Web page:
Cover Image: Anne Laure Jacquart/ Arcangel Images
THE CITY & THE CITY
Publisher: Pan Macmillan
Publishing date: 15 May 2009
On the cover:
When the body of a murdered woman is found in the extraordinary, decaying city of Besźel, somewhere at the edge of Europe, it looks like a routine case for Inspector Tyador Borlú of the Extreme Crime Squad. But as he probes, the evidence begins to point to conspiracies far stranger, and more deadly, than anything he could have imagined. Soon his work puts him and those he cares for in danger. Borlú must travel to the only metropolis on Earth as strange as his own, across a border like no other.
This book is in a way rather schizophrenic, or at least it wants to be. At its heart is a Crime story, and it is seemingly set in a fantastical landscape of parallel worlds.
The crime part of the story is unfortunately mediocre and unoriginal. I've read a lot of crime and I've read this crime-story several times before. The tired crime-cliches of the police detective who goes his own ways, the female assistant who will go to any length for him, and several others are here. The crime itself, and the solution to it is pretty standard for a crime novel too. So in isolation the crime aspect of the story is nothing more than your average crime novel.
The Fantasy or Science-Fiction elements are what should set this book out from other crime novels. It is however debatable whether there are any SFF elements in the book at all, apart from that it is set in a fictional city in a fictional land, something that usually is not enough to make something SFF.
I really liked the idea of the "unseeing" that Miéville introduces in the book. Unfortunately it never gets past the idea-stage. Several times in the book we are told that "unseeing" has to be learned, and that the "two" cities exist not in one place, but are divided by some unexplained lines. We even get told that while "unseeing" you may step over the people you "unsee", so it's basically just ignoring things.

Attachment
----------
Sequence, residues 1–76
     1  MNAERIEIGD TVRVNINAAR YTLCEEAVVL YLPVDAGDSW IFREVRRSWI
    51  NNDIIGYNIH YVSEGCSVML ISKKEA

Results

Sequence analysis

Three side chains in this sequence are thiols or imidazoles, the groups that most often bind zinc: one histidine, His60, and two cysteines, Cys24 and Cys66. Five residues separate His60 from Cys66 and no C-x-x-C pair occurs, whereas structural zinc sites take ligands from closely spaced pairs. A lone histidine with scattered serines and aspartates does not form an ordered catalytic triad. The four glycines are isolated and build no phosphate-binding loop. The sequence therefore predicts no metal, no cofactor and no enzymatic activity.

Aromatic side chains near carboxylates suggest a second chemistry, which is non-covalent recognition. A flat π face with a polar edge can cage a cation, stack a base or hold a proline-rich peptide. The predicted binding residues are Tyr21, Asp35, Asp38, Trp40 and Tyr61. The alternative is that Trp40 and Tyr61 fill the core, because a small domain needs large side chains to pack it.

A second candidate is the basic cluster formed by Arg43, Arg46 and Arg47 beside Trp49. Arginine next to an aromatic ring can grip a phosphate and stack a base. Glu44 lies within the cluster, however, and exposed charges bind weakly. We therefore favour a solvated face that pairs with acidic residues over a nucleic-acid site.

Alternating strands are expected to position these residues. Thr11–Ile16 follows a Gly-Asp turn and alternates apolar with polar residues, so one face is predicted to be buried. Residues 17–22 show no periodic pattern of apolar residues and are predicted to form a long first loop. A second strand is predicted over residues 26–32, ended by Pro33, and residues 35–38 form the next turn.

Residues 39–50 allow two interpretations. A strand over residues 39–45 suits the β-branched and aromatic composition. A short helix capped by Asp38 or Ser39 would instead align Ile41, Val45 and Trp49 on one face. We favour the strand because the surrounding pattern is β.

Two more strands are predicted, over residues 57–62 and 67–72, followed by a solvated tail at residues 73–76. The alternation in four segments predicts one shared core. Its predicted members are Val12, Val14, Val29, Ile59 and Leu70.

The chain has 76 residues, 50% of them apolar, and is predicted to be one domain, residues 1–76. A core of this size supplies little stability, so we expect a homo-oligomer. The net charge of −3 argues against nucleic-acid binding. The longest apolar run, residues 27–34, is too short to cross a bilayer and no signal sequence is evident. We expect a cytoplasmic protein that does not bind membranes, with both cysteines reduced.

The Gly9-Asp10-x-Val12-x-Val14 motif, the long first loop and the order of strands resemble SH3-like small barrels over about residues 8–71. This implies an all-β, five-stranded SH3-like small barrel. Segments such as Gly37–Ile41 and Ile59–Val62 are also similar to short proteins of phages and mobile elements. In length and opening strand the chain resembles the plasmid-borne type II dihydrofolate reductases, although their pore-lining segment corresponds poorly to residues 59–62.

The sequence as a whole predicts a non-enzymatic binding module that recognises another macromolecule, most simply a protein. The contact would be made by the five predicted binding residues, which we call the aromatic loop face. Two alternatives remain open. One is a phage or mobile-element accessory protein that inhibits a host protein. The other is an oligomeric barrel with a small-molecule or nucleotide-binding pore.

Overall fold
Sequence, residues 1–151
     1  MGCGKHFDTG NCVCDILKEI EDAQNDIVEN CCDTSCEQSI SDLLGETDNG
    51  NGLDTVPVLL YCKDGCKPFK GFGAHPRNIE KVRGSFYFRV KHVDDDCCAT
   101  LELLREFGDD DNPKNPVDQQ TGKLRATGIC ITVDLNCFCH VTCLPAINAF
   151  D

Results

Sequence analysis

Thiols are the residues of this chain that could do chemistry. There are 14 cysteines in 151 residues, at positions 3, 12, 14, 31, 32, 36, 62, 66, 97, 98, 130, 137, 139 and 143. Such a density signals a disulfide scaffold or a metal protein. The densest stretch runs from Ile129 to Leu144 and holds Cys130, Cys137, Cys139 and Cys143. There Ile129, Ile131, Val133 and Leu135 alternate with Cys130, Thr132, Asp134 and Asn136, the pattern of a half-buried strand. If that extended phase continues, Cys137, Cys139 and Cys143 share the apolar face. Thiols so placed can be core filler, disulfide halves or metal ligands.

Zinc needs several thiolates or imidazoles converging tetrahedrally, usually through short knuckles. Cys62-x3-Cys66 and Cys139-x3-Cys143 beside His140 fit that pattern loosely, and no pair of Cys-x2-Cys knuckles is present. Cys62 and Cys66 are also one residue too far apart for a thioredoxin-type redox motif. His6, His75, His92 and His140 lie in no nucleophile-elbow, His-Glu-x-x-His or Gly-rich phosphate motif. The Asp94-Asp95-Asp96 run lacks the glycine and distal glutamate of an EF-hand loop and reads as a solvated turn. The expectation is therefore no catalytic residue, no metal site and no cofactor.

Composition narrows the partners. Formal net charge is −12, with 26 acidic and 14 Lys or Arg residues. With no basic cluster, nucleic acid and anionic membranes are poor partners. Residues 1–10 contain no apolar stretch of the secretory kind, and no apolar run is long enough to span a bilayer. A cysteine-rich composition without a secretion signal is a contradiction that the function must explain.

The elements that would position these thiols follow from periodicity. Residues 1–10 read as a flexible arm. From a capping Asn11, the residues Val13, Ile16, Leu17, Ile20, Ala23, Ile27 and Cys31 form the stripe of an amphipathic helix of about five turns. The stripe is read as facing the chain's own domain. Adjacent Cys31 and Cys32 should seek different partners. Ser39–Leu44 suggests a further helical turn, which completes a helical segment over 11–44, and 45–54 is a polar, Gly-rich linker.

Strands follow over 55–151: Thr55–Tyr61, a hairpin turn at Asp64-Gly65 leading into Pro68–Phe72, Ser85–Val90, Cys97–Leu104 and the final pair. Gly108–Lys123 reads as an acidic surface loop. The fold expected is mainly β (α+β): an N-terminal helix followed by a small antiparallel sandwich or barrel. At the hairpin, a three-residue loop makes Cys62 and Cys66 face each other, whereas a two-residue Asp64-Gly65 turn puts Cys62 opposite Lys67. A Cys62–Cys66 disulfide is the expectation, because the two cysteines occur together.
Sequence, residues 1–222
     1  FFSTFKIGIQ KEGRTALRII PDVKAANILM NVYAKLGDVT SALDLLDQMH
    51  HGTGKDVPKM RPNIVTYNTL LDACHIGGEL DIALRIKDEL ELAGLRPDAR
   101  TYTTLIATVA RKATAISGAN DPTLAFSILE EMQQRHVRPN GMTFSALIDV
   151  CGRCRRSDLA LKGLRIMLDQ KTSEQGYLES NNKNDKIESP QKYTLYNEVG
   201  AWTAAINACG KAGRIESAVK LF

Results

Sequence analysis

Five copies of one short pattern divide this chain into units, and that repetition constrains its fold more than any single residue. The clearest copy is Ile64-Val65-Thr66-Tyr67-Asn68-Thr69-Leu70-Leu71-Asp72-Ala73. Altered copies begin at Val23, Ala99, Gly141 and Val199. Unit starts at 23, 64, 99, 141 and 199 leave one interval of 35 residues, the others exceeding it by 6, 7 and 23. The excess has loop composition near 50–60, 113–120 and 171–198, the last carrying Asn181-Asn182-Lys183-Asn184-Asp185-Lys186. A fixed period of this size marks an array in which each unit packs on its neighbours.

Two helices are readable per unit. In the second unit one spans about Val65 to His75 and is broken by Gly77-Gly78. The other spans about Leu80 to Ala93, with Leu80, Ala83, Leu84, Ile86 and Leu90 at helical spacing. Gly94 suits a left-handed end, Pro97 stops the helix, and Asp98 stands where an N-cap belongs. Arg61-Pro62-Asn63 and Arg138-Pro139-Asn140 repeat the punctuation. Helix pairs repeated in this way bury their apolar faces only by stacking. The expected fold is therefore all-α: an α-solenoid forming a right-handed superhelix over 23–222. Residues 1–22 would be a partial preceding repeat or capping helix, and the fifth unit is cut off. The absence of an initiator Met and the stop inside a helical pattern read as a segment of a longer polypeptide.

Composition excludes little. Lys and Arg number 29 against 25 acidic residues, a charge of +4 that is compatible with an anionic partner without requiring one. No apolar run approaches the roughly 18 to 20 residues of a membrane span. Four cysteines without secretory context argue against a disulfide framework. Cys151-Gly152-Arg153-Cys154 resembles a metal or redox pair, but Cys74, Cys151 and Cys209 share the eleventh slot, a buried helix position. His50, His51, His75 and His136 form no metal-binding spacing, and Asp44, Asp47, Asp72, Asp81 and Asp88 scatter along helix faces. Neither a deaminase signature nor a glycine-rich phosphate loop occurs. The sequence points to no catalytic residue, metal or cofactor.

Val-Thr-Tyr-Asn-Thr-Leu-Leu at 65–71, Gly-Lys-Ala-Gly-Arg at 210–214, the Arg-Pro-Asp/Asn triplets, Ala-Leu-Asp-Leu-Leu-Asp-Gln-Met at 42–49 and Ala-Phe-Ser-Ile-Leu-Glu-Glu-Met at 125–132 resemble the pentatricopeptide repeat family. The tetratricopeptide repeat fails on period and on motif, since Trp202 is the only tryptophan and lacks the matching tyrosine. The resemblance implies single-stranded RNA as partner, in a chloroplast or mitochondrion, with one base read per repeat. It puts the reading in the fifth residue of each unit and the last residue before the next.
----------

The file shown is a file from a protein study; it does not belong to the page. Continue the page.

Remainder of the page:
And this is where it all falls apart for me. The idea is great, but without further exploration of how it came about and why, it's just a lazy macguffin. A bit like saying the sun turns Clark Kent into Superman without any further explanation as to how and why.
It does not help either that when it is needed to put a twist on the plot, in Part 3 of the book, we get an explanation of the "borders" between the "two" cities that is at odds with the earlier one. The introduction of "Breach" just adds to the poor execution of the good idea that is in this book. More so when we never get an explanation for how they know someone is "crossing borders", something that is the only thing keeping those "borders" up.
The only thing that saves this book from being total crap is a interesting concept, and Miéville's excellent technical writing skills.
But I would not recommend you read this book if you don't want to read it as an example of how a great idea and excellent technical skills are useless when the story is flat and badly realized.
This reads as a mediocre crime-story with an idea for the first two thirds of a urban fantasy novel plastered in to discuise the lack of originality.
Although this book didn't work for me, I will give China Miéville another chance at showing me he isn't a has-been by reading "Kraken" soon.
LINKS: China Miéville Pan Macmillan